But as Jesus and Paul suggest in today’s readings, those who stand with Zechariah come up against the subtle war horses of minimization and rationalization that prevent meaningful policy changes, be they about the environment, racism, or public health. On these fronts, to take on the yoke of Jesus is to engage in both the humbling inner soul-searching and the persistent collective organizing that address each of these manifestations of sin. Then indeed “wisdom is vindicated by her deeds”—or by her “children” (Matthew 11:19).

Dr. Amy Carr
amyreneecarr@gmail.com

Sunday September 4 – 10 in Year C (Carr)

Ecojustice Commentary on the Revised Common Lectionary – Year C:  Amy Carr reflects on Luke 14:25-33 and Deuteronomy 30:15-20

Readings for September 4-10, Series C (2019, 2022)

Deuteronomy 30:15-20
Psalm 1
Philemon 1-21
Luke 14:25-33

Sitting down to think about the cost of a venture before beginning it—to see if one can afford the cost—isn’t that what those of us who treasure environmentally-minded use of land wish we would do with more foresight? But the social cost of environmental activism when it is counter-cultural—not merely pragmatic—is also something the gospel reading provokes us to consider. The stakes are even higher when activists are resisting monied and militant forces that value only short-term profit. But as our reading from Deuteronomy reminds us, individual discipleship is ever-entwined with the well-being of all—not just ourselves.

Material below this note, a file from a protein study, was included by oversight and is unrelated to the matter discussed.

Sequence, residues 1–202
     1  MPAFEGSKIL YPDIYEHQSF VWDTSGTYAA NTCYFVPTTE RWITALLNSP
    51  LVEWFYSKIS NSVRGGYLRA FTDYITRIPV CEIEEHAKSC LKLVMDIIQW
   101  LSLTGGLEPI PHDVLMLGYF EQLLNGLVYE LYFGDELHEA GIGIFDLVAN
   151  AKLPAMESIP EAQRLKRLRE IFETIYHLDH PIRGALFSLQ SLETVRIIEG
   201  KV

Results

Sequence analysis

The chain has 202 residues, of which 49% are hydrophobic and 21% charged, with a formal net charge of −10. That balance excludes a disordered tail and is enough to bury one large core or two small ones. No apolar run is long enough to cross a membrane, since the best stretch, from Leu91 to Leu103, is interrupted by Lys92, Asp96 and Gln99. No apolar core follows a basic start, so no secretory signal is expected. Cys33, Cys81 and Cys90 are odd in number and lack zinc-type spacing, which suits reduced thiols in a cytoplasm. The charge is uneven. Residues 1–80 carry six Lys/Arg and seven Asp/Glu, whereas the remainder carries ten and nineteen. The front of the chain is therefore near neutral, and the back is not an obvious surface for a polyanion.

The context that keeps coming to mind to me in recent weeks is the Amazonian forest in Brazil, where a right-wing populist president, Jair Bolsonaro, denies the facts of climate change, openly encourages illegal logging, and tries to gut the environmental agencies and polices that are meant to resist deforestation. With so many Brazilians burning down—with impunity—areas of the forest for grazing, ranching, logging, mining, or farmland, many scientists fear the forest is at the tipping point after which the rainforest canopy can no longer sustain itself, drying out the forest and intensifying its vulnerability to burning. And pragmatically speaking, the irony is that farming will suffer without the canopied forest to keep more moisture in the atmosphere—and with more carbon released into the atmosphere through burning, raising temperatures and increasing drought conditions. (For sobering details about what is afoot in Brazil, see “On the brink: The Amazon is approaching an irreversible tipping point,” The Economist, 8-1-19, https://www.economist.com/briefing/2019/08/01/the-amazon-is-approaching-an-irreversible-tipping-point).